An Overhaul For NASCAR

An Overhaul For NASCAR

ENGINE ROOM: Even the decor screams speedat the NASCAR Sports Grille.

HOT SPOT: A glitzy exterior is a traffic-stopper in Orlando.


With its 75 million fans, NASCAR is the most popular spectator sport in the U.S., and its free-spending devotees drop more than $2 billion per year on NASCAR-licensed merchandise. So you'd think NASCAR Cafes would make money hand over fist, especially since they occupy high-traffic locations deep in the heart of NASCAR territory.

Guess again. This 11-year-old theme restaurant concept is actually in the midst of a serious makeover, proving once again that good food and service, plus fresh decor, trump everything else in the restaurant business.

The first new NASCAR restaurant—now rebranded as NASCAR Sports Grille—opened on Feb. 14, following a two-month-long refurbishing. There's new ownership, too: the Cordish Company, a Baltimore-based real estate development and entertainment operating company. This firm invested $6 million in hopes the 25,000-sq.-ft. facility will find new life at its high-profile location at Universal CityWalk in Orlando. This site has two things going for it—year-round tourist traffic and close proximity to Daytona Beach, the premier stop on the NASCAR circuit, Cordish plans to do the same with the Myrtle Beach, SC, unit next.

"When you look at the cafe, it was born about the same time as the restaurant industry was exploding," says Blake Davidson, managing director of NASCAR's licensed products. "But the concept hasn't evolved much from what it started out as, so we saw this as a good opportunity to inject some life into it and take it in a new direction. The entire marketplace has evolved."

The upgrade takes the existing theme (good old boy stock car racing) and most of its menu (think of it as Southern country cooking with a tailgate twist) and gives it a contemporary spin, even though the concept is only 11 years old. It shows you how fast a theme restaurant can fade, even one with a seemingly gold-plated connection like NASCAR.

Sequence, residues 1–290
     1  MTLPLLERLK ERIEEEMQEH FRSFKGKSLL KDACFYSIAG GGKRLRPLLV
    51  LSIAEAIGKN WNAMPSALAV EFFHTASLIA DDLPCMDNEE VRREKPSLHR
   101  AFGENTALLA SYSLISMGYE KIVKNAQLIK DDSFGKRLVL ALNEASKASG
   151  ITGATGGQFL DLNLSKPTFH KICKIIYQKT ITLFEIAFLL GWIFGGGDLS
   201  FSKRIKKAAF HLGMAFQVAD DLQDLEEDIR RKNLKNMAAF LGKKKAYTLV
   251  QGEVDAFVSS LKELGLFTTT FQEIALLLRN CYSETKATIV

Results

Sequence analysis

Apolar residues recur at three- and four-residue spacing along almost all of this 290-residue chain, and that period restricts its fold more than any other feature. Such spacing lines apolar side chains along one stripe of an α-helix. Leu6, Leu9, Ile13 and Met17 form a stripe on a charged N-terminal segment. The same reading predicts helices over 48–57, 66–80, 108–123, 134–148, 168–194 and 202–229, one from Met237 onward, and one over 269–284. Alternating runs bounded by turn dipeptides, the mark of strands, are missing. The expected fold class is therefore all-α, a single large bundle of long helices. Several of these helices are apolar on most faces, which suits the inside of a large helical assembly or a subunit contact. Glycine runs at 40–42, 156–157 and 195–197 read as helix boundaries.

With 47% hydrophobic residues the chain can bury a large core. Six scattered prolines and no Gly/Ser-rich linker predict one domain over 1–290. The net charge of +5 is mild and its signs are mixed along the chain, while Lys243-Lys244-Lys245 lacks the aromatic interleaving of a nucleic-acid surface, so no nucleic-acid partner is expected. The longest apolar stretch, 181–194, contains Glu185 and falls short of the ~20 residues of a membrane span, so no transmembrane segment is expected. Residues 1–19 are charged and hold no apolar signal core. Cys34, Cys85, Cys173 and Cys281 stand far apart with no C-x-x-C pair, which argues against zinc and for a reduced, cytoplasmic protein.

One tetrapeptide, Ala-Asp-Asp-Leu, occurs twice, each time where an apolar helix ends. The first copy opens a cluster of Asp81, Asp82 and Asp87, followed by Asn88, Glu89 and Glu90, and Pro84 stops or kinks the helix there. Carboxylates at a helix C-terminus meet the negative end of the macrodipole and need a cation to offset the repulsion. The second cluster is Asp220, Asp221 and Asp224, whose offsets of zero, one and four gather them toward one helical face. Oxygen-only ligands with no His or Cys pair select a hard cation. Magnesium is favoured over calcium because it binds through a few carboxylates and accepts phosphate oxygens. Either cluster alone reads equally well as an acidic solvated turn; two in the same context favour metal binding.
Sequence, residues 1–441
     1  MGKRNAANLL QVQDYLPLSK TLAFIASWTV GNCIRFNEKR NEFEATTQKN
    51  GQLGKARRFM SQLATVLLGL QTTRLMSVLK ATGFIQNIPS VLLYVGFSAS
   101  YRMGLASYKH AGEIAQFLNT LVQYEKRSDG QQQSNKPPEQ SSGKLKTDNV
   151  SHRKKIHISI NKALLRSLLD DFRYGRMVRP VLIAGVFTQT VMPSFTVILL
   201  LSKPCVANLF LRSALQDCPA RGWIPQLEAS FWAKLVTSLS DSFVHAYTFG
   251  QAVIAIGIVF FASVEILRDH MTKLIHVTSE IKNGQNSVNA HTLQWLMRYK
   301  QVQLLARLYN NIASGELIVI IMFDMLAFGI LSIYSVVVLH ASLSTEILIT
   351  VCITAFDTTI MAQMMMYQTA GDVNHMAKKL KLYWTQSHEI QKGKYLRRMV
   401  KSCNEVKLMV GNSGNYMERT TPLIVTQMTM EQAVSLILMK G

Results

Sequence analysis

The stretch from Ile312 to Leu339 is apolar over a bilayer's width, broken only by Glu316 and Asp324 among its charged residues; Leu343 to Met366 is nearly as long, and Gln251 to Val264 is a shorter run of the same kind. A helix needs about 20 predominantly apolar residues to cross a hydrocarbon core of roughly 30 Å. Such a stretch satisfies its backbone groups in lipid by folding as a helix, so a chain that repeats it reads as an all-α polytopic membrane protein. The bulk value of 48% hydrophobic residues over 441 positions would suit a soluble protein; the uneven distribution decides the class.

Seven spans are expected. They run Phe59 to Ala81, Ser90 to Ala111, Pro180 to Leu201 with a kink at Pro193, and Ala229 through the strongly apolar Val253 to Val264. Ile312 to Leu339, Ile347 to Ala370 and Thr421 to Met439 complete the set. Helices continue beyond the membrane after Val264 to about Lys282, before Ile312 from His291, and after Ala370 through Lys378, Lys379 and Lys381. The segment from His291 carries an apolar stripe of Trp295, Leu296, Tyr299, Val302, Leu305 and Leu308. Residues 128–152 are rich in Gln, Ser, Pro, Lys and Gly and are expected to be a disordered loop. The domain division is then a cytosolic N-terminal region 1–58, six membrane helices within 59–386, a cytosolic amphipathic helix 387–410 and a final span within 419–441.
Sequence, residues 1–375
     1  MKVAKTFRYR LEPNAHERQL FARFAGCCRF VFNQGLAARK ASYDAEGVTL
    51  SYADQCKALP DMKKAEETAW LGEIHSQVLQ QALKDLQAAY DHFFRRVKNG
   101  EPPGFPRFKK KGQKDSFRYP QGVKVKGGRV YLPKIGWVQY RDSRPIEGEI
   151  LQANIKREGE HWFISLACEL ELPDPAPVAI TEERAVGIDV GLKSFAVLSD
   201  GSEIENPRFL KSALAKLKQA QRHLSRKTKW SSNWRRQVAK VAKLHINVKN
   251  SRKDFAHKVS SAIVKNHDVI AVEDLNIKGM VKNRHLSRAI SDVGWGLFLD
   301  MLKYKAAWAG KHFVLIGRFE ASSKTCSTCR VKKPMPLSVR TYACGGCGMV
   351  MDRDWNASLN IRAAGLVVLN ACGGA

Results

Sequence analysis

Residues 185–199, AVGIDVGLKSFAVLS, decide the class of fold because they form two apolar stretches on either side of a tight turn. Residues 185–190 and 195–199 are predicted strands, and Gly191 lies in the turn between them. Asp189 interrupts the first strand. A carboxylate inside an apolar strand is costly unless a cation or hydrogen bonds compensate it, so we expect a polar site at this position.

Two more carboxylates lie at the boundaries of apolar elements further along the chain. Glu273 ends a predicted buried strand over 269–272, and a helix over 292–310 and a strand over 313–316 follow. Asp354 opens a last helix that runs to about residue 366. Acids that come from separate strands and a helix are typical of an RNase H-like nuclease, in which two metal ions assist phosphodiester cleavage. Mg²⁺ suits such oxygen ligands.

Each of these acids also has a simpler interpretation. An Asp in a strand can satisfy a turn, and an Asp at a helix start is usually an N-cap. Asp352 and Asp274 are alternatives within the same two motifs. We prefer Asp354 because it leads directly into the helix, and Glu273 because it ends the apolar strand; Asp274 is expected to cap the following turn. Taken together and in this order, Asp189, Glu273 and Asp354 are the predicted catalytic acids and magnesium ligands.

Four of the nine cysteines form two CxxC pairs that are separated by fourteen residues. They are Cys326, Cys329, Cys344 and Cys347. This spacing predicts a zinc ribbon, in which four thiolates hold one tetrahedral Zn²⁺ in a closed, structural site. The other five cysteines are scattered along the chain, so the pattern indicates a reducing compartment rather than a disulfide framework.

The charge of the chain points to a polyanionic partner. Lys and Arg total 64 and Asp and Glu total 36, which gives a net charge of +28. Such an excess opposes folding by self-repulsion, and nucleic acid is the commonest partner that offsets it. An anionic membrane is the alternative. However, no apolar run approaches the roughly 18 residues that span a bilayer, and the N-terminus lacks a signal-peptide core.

"We've brought in a worldclass designer and are creating a very hip concept that will appeal to the NASCAR fan base, but also expand well beyond that to people who are just interested in sports in general," company vice president Reed Cordish told Sports Business Journal. "We're blowing past the classic model of the sportsoriented restaurant in terms of design, cuisine and content."

The Cordish Company takes over from an outfit called H&C Racing, the original operator of NASCAR Cafes. H&C ran Orlando and Myrtle Beach plus units in Nashville (closed five years ago), Greensboro, NC and Sevierville, TN (near tourist spot Pigeon Forge, TN and the Smoky Mountains). The Sevierville unit closed last May. H&C still operates the Greensboro location, but it's no longer part of the NASCAR licensing arrangement. There's also a NASCAR Cafe in the Sahara Hotel & Casino in Las Vegas. Separately owned and licensed, that one is still going strong.

What's unusual about this arrangement is that it finds the Cordish Company on the other side of the table from where it usually sits. The firm describes itself as a multi-billion conglomerate that is the largest and most successful developer of entertainment districts and concepts in the U.S. It's usually the one leasing space to people who operate restaurants. In this deal, it's the one running the operation.

In fact, Cordish has quietly put up $50 million to open 30 restaurants and clubs in cities like Orlando, Baltimore, Houston, Kansas City and Louisville over the past few years. It has plans to take its in-house concepts like Vin, Mex (both now open near Baltimore) and Maker's Mark Bourbon House & Lounge (Louisville) and open them in other markets. It plans to add NASCAR Sports Grille units at the pace of one a year for the foreseeable future, including one in Manhattan. Former Cheesecake Factory president Peter D'Amelio has been brought on board to ride herd over the company's restaurant ventures.

How come a highly successful real estate developer (and a busy one, with $1 billion in other new projects underway) wants to bother with the restaurant business? After years of leasing restaurants to others, and seeing how that can turn out, Cordish thinks it can make a higher return leasing and operating restaurants than by leasing raw space alone. Figure the company makes six to 10 percent from its rental activities, and can add another five percent by operating the restaurant. It projects annual revenues of $12 million from the Orlando location.

The company believes in the restaurant operations business strongly enough that it's doing it with its own money. "We're risking the family's capital to create something other people deem too difficult to execute," says Cordish vice president Jonathan Cordish. The family thinks its edge in development gives it a big leg up on any competitor.

The Cordish Company has an enviable track record in business. When people this smart think full-service restaurants are a good place to put their money, you and your fellow operators are in good company.